Additionally, life expectancy dropped by two years in the Asian community and nearly two and a half years in the White community, the report shows.
I can relate. Seven members of my own family died unexpectedly during a 12-month period between 2021 and 2022. While two were in their 80s, two other family members were in their 40s. Three were in their early 60s.
Non-Covid deaths are occurring sooner than expected according to research data. And it suggests that deaths caused by factors such as heart or kidney disease, stroke, suicide, and drug overdoses has a lot to do with increased stress, which can contribute to those conditions.
Pastors and non-profit leaders in Black and Hispanic communities say life has changed for some people since 2019, and they are counseling and providing assistance in greater numbers than during the height of the pandemic.
“They’re dealing with things on their job; they’re dealing with things in their homes with their marriages,” said Dr. Gregory S. Williams, pastor of St. James United Methodist Church in Alpharetta. “So there have been stressors that has impacted people’s health from so many different levels.
“I think people are just trying to find their place … their new normal.”
The New York Times reported in September that the decline for Native Americans represents health care conditions and poverty, and “the average Native American person is now expected to live as long as the average American did in 1944.”
Elizabeth Arias, a co-author of the CDC’s Vital Statistics Rapid Release report, told The Atlanta Journal-Constitution that deaths from drug overdose had the “second greatest effect on life expectancy decline following COVID.”
“For some years we thought that was affecting the non-Hispanic White population. It’s now affecting other groups as well. I cannot tell you why,” Arias said.
The CDC’s National Center for Health Statistics estimates there were a total of 107,000 deaths by drug overdoes last year.
Arias said that overall declines in life expectancy are not surprising given COVID and the disparity in socio-economic conditions for some groups of people. But the size of decreases are unexpected.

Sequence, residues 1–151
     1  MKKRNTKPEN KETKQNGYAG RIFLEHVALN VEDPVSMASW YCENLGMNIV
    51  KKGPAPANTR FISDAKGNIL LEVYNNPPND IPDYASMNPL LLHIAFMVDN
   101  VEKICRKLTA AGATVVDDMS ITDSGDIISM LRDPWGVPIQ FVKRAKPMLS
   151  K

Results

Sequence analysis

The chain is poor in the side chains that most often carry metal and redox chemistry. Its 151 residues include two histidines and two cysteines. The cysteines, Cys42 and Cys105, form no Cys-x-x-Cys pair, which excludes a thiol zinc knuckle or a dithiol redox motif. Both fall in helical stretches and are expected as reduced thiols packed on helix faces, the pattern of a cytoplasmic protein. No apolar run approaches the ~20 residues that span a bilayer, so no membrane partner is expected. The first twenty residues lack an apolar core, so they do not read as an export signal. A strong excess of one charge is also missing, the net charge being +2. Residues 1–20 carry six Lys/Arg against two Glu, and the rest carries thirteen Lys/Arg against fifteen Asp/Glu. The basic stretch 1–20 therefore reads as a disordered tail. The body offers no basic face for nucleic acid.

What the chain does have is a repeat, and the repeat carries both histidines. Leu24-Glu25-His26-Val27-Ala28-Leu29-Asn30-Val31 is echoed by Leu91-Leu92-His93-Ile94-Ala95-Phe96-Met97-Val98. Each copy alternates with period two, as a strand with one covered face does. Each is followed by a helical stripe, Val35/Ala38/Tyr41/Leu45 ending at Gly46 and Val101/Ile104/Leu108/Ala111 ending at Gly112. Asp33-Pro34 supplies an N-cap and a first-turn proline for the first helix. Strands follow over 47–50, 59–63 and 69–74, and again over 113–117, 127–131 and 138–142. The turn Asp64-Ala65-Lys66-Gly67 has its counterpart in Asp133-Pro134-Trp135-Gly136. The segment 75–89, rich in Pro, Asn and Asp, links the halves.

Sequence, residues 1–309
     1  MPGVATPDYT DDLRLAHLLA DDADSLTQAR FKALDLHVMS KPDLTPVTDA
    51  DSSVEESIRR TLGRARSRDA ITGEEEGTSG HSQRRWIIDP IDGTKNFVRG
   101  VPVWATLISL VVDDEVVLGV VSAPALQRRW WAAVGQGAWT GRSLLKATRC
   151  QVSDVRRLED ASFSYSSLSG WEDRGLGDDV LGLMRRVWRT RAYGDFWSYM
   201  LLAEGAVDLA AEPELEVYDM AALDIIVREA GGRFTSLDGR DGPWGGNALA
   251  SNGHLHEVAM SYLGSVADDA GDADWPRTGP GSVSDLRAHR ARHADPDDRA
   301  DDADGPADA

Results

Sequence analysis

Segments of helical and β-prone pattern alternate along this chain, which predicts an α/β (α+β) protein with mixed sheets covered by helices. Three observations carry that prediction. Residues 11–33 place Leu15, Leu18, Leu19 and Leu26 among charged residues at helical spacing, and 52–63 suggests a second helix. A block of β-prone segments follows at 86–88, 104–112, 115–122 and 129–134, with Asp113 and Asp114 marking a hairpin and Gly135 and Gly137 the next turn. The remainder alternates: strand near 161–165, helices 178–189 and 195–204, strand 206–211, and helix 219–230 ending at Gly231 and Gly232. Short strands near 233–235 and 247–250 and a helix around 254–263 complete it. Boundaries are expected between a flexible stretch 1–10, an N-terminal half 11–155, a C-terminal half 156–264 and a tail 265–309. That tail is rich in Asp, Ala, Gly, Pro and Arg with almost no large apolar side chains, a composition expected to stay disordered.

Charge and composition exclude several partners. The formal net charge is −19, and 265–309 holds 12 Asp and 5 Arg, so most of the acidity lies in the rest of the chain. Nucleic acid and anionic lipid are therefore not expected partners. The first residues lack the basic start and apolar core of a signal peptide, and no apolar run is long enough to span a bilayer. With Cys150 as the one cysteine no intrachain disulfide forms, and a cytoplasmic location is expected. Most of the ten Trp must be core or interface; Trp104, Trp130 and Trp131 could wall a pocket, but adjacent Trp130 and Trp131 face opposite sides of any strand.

Before the pandemic, changes in life expectancy were in fractional increments, she said.
“…We’ve known about socio-economic differences,” Arias said. “… What was surprising was that there was such a large decline in life expectancy … Whole years of change in life expectancy. We had not seen that for decades.”
Arias said that prior to the pandemic, the Hispanic population maintained lower mortality rates compared to African Americans despite both groups experiencing socio-economic barriers.
“Whatever it was that was protecting them before was not able to protect them against (the underlying effects) of a pandemic like this,” she said.
In 2020, COVID accounted for 90% of the decline in life expectancy for Hispanics, 50% for African Americans and 54% for Native Americans.
But in 2021, COVID accounted for nearly 26% of the decline in Hispanic communities.
Other factors, such as “unintentional injuries” were the cause of the decline in life expectancy, which Arias said includes many drug overdoses. The report showed unintentional injuries was 31% compared to .4% a year earlier.
Chronic liver disease, which can come from alcohol abuse, explained 5.1% of the decline for Hispanics in 2021 compared to .4% in 2020. Other causes of death, according to the report, accounted for 30% of the decline.
In Black communities, “the increase in mortality from unintentional injuries explains 23% of the decline in life expectancies (in 2021) which is a lot,” Arias said. That was double the rate of 2020. Stroke, suicide, chronic liver disease and other causes explained 42% of the decline in life expectancies.